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Artistic rendering of the new Green Circle Trail spur. (Courtesy city of Stevens Point)

Finance Committee to consider additional $76K cost for Plover River Crossing

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By Brandi Makuski

STEVENS POINT — City leaders this week will consider a “fee amendment” to complete the Plover River Crossing Trail.

The project needs up to an additional $76,000 for additional engineering work and on-site construction management not included in Rettler Corporation’s original $183,200 bid.

According to city records, the original contract with Rettler covers conceptual, preliminary, and final design work, plus bidding and construction oversight.

The project was first identified in the 2014 Portage Co. Bicycle and Pedestrian Plan and is included in the city’s Outdoor Recreation Plan. It’s a one-third-mile offshoot of the Green Circle Trail, crossing two private property parcels in the town of Hull. The route provides a safe, alternative option for pedestrians and bicyclists who want to avoid the busy Hwy. 10 corridor.

The Trail consists of an asphalt and boardwalk path featuring a bridge over the Plover River, linking Hofmeister Dr. to Ben’s Ln., and Rodgers Park and the Green Circle Trail to Peters Family Park.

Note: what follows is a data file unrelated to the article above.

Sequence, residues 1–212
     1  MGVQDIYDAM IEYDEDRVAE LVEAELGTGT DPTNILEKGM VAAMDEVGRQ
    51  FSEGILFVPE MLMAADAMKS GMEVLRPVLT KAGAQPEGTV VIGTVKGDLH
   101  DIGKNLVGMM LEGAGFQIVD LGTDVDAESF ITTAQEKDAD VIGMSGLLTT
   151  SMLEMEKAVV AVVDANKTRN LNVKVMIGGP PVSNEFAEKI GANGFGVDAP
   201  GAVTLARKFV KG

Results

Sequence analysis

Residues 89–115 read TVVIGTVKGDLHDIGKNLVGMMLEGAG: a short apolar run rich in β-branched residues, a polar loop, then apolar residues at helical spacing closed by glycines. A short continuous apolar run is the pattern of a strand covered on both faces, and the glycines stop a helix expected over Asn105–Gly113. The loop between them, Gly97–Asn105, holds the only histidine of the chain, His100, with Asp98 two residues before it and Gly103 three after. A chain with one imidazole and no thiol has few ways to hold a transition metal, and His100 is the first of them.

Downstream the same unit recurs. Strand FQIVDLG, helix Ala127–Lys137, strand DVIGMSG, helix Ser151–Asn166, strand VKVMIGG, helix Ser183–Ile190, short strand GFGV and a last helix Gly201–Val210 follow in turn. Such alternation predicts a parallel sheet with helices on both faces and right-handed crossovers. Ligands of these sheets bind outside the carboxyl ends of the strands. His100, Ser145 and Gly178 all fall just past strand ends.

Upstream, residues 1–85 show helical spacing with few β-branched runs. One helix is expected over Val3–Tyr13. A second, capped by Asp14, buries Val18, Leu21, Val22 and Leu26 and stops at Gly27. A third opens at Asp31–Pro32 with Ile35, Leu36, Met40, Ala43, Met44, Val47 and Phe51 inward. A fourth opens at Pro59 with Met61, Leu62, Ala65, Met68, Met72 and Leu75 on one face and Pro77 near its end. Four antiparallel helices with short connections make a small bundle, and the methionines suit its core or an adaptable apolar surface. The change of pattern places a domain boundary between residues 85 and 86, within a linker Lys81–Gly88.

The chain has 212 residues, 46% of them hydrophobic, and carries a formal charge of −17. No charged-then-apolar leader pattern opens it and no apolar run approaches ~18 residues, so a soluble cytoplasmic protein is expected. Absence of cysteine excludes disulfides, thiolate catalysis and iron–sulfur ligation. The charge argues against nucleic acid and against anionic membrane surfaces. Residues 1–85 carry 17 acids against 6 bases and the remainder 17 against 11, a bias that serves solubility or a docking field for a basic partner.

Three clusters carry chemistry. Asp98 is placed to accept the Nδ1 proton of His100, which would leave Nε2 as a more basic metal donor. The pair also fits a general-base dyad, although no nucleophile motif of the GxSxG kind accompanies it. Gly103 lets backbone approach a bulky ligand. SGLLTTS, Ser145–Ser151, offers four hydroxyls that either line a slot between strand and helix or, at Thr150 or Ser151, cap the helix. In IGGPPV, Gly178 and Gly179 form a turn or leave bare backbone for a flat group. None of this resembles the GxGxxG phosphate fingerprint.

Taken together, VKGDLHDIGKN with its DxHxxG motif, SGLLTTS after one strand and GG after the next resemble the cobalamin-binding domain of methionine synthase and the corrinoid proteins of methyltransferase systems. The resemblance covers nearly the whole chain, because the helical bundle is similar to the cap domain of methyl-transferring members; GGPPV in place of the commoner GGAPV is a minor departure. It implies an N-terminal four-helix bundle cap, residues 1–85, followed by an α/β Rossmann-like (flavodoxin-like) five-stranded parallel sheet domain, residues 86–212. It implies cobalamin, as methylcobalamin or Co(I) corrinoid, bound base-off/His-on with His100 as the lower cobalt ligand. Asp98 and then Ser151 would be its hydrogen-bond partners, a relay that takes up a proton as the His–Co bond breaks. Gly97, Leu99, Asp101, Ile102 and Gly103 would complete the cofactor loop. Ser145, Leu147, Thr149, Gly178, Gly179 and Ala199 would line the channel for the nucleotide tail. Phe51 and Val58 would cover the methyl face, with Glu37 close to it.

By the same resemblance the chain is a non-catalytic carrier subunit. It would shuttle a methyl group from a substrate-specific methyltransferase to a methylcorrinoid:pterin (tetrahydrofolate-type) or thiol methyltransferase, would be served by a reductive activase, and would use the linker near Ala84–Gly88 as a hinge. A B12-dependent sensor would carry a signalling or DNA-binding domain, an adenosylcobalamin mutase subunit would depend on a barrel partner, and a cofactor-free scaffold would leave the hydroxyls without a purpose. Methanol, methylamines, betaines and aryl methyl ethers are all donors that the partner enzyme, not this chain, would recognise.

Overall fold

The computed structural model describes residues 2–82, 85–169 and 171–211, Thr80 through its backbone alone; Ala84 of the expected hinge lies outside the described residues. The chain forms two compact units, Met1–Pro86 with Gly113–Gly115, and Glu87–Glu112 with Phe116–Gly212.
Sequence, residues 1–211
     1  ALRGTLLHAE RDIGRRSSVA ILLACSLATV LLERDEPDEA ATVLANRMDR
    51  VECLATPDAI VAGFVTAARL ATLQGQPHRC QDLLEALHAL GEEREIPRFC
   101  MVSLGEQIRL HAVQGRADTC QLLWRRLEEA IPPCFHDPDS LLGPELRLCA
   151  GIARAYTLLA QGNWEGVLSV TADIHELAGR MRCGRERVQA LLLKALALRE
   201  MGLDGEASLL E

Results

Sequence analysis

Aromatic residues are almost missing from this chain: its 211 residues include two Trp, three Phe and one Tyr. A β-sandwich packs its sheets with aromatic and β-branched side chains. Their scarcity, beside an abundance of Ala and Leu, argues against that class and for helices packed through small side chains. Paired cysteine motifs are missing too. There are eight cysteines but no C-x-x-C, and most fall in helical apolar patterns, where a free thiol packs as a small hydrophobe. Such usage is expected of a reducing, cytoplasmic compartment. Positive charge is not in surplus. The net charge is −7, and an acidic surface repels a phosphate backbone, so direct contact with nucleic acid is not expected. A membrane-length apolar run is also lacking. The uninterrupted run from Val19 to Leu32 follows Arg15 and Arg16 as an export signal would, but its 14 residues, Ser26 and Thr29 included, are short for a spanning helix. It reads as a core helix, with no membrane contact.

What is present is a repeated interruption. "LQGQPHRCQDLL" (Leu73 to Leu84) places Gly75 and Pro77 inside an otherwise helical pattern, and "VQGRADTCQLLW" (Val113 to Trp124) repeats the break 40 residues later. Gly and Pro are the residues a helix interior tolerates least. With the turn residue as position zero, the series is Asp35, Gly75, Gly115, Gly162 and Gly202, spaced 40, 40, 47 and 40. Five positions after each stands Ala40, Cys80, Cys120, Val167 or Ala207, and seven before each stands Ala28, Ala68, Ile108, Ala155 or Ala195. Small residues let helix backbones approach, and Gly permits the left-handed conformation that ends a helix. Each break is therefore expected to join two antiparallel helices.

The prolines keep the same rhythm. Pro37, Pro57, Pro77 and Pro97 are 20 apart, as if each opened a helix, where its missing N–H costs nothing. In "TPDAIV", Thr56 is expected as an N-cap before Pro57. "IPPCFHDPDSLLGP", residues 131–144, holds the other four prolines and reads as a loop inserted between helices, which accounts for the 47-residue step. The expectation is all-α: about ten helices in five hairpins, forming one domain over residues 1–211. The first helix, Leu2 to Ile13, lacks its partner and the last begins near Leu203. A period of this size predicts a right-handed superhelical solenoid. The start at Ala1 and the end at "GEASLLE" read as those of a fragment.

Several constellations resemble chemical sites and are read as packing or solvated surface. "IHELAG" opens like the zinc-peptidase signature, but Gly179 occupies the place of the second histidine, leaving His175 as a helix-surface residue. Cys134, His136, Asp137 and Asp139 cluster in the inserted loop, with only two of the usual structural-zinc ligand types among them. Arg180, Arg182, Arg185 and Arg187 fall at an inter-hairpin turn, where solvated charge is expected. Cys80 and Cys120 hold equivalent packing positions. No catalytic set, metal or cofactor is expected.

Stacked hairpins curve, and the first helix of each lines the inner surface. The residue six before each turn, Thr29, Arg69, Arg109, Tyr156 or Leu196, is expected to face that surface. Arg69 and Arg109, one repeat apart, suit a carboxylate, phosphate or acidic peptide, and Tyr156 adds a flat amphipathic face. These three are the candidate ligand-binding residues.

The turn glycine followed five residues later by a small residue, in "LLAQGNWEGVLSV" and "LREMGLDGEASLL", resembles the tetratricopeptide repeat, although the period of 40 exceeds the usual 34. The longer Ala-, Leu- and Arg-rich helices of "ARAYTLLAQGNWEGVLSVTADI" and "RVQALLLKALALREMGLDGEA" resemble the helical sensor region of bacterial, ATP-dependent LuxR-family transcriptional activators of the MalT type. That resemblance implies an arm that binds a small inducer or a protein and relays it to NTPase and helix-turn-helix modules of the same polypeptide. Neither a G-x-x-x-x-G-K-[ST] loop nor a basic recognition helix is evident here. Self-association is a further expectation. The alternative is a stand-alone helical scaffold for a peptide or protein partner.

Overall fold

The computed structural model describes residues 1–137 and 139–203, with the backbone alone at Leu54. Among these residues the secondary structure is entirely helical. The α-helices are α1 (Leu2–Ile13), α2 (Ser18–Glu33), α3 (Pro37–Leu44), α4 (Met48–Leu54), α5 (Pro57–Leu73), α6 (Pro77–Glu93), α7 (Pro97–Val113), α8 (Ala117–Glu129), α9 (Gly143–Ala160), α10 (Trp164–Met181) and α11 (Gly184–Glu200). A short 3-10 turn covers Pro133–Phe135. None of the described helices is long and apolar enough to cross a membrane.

Initially conceptualized in January 2020, the project received City Council approval for property purchases and various design stages, funded through the city’s operational budget.

In 2022, Stevens Point secured a $1.47 million grant from the Wisconsin Department of Transportation’s Transportation Alternatives Program (TAP) to cover 80 percent of the estimated $2 million construction costs. Mayor Mike Wiza announced the award, which requires the city to provide a 20 percent match. The Friends of the Plover River Crossing Trail successfully raised the remaining $396,000 required for the local match.

In December 2023, the Friends of the Plover River Crossing Trail and the Rotary Club of Greater Portage County announced they had secured a $4,800 grant from Athletic Brewing Co., a California-based brewer known for supporting nature conservation programs. The funds will help restore a one-acre field bordering the trail to native prairie, improving the habitat for pollinator species, birds, and other wildlife.

But Rettler notified the city last month that additional engineering work, including “extensive labor for a retaining wall,” was needed. The city negotiated the fee with Rettler, bringing the cost down by about $90,000, according to city records.

In a memo to the Committee, City Treasurer Corey Ladick said the additional funding will be sourced from the 2024-25 borrowing, but approving the fee is “crucial” for the project to proceed in line with the TAP Grant schedule.

It will be up to the Finance Committee to approve the fee increase on July 8. The Committee meets at 6:40 p.m. on Monday in the Community Room of the Stevens Point Police Department, 933 Michigan Ave. The public is welcome to attend.